- The Washington Times - Monday, May 22, 2006

Among those who will be cleared of past crimes under the Senate’s proposed immigration-reform bill would be the businesses that have employed the estimated 10 million illegal aliens eligible for citizenship and that provided the very “magnet” that drew them here in the first place.

Buried in the more than 600 pages of legislation is a section titled “Employer Protections,” which states: “Employers of aliens applying for adjustment of status under this section shall not be subject to civil and criminal tax liability relating directly to the employment of such alien.”

Supporters of the legislation insist that such provisions do not amount to “amnesty.”

“The legislation we are considering today is not amnesty,” Senate Judiciary Committee Chairman Arlen Specter said last week. “That is a pejorative term, really a smear term used to denigrate the efforts at comprehensive immigration reform. This is not amnesty because amnesty means a pardon of those who have broken the law.”

Mr. Specter, Pennsylvania Republican, and others argue that the bill is not amnesty for illegal aliens because they will have to pay $2,000 in fines before they gain citizenship.

The law does not, however, provide for such fines against employers who have broken the law by hiring the illegals.

Sen. Robert C. Byrd, West Virginia Democrat, vehemently opposes “this effort to waive the rules for lawbreakers and to legalize the unlawful actions of undocumented workers and the businesses that illegally employ them.”

Amnesties, he said, “are the dark underbelly of our immigration process.”

“They tarnish the magnanimous promise enshrined on the base of the Statue of Liberty,” Mr. Byrd said last week on the Senate floor. “Amnesties undermine that great egalitarian and American principle that the law should apply equally and should apply fairly to everyone.”

While most of the focus thus far has been on the “amnesty” granted to illegal aliens, opponents only now are discovering the broad range of crimes that will be forgiven under the legislation.

Lawyers for the Senate Judiciary Committee have scoured the bill and come up with a list of 31 crimes relating to illegal immigration that would be wiped clean.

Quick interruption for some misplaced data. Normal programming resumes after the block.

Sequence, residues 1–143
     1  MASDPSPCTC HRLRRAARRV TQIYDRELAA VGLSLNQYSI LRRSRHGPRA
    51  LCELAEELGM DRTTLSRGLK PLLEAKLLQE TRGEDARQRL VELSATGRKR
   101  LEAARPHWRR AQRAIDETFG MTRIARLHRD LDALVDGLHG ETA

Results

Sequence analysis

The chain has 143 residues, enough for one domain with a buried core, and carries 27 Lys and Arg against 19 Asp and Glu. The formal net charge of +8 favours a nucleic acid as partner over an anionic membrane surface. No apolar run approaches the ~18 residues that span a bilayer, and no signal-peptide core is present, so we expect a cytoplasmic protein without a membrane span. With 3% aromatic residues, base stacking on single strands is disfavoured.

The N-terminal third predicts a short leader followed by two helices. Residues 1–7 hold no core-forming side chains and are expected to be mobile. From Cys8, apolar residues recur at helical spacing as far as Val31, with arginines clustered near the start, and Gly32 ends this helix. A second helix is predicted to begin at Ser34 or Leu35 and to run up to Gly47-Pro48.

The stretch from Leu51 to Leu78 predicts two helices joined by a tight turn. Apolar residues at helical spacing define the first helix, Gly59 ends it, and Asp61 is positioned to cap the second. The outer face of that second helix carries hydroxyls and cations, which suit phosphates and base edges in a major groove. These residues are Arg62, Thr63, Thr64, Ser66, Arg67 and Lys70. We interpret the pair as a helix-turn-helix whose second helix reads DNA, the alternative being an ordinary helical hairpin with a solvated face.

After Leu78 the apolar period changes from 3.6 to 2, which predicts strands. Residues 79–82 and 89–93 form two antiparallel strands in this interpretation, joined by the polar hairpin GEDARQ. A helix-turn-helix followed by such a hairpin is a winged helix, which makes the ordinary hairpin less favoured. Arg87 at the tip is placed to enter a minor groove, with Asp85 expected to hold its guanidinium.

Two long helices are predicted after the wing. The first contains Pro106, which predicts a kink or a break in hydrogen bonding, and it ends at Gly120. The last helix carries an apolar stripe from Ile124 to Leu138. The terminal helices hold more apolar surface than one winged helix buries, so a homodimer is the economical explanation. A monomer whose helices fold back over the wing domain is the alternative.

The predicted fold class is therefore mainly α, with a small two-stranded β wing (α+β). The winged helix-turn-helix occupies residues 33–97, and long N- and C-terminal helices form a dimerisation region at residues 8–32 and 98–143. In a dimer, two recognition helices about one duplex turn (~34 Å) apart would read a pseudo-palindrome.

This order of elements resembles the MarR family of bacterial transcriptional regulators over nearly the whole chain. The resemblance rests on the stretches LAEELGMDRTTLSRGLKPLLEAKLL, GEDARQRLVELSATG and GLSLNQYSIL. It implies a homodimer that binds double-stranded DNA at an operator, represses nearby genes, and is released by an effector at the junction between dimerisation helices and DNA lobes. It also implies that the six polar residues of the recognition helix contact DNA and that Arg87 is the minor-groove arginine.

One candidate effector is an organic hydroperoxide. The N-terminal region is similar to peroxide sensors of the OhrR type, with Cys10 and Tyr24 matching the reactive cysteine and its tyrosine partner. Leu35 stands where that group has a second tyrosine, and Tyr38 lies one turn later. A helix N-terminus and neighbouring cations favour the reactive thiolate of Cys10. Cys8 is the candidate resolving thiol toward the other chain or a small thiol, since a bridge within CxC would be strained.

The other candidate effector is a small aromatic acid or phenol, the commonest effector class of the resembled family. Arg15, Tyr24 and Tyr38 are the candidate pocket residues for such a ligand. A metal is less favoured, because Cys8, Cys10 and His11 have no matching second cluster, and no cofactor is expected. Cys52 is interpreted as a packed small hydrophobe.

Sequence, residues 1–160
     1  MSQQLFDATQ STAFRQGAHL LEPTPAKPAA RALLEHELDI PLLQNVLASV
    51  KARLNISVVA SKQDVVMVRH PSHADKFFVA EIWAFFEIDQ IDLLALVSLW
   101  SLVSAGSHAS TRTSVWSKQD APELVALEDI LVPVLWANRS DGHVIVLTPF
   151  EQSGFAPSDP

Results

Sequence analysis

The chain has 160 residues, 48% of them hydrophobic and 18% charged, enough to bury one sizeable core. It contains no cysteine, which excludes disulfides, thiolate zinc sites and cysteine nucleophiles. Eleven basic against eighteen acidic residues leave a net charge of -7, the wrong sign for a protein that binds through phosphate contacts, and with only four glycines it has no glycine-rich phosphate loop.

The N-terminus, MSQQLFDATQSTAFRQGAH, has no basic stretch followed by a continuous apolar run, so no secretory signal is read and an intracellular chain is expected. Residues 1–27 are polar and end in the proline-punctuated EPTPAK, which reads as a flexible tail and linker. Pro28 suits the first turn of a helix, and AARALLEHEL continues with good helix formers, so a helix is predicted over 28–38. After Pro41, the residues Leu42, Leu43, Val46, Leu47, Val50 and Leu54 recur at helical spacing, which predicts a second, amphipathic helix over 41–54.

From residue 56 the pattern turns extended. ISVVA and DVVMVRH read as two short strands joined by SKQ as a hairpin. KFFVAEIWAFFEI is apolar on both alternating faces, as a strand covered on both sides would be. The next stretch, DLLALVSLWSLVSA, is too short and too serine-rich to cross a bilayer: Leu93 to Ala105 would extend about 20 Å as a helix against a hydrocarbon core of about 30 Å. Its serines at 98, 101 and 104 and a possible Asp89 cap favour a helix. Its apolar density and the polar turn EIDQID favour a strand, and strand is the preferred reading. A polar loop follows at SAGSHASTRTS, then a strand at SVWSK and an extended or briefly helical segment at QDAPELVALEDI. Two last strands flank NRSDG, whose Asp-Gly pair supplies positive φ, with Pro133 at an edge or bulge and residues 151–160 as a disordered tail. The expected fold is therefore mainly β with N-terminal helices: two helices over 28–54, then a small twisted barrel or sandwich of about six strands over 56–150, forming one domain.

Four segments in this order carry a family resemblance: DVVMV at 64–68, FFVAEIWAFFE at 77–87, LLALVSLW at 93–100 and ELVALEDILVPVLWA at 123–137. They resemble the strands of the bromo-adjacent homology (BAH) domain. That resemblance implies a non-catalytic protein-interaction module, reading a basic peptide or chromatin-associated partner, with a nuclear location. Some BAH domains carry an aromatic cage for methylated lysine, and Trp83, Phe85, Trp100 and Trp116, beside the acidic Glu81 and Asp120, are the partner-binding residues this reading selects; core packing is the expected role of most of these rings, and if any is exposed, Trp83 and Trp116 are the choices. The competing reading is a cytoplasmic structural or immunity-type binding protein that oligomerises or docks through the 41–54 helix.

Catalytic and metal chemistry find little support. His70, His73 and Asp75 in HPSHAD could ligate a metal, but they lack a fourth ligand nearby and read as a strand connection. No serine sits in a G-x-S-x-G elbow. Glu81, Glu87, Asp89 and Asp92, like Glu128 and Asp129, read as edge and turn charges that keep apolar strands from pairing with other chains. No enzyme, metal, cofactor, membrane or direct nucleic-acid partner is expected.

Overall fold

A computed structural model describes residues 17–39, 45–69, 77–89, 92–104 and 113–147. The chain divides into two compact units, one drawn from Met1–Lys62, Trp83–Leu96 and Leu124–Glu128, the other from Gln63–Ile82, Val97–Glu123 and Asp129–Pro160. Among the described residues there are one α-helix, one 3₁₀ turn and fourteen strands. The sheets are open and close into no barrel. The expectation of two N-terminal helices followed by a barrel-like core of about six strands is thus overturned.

Under current law, simply entering the country illegally can result in a six-month prison stay and a $250,000 fine. Aiding in that crime carries a similar fine and a five-year prison sentence. Once ordered deported, an illegal racks up $500 per day of continued “illegal presence.”

In addition, there are the perjury and false statements associated with fraudulently filling out federal tax forms. Each instance carries up to a five-year prison sentence and a $250,000 fine. Then there is the wide array of crimes relating to forging false documents needed to obtain work. Punishments for those crimes range from civil fines to 25 years in prison.

Also, there are crimes relating to the misuse of Social Security numbers needed to obtain work. Those crimes can result in five years in prison and a $250,000 fine.

Businesses that have committed any alien-hiring crimes would be forgiven under the provisions of the bill, although the laws would remain on the books and, thus, future violations could be prosecuted.

In addition to absolving illegals for past misuse of Social Security numbers and documentation, the Senate last week voted to allow aliens to get Social Security benefits based on working in the United States illegally.

The issue of granting amnesty — especially the employers who have drawn the illegal aliens to the country in the first place — already has become a growing issue in the fall elections.

Sen. Ben Nelson, Nebraska Democrat, who is up for re-election this fall, is taking a tough stand in the current debate. He most often votes with conservative Republicans who want immigration laws that are tougher than what they’re calling “amnesty.”

The National Republican Senatorial Committee has dug up newspaper reports from several years ago, when Mr. Nelson lobbied on behalf of companies exasperated with federal immigration officials for cracking down on the illegal aliens they were hiring.

“Former Gov. Ben Nelson is representing a group of meatpackers and livestock producers upset with a federal crackdown on undocumented workers at the state’s packing plants,” according to an Associated Press report from June 3, 1999. “Nelson said a ‘loosely knit’ group of processors, producers and feeders first approached him last month about problems they have with the Immigration and Naturalization Service’s pilot program, called Operation Vanguard.”

In that article, titled “Nelson: INS Crackdown Draining State’s Small Labor Pool,” Mr. Nelson reportedly said he’d “contacted the state’s senators and congressmen to discuss possible changes in the INS program.”

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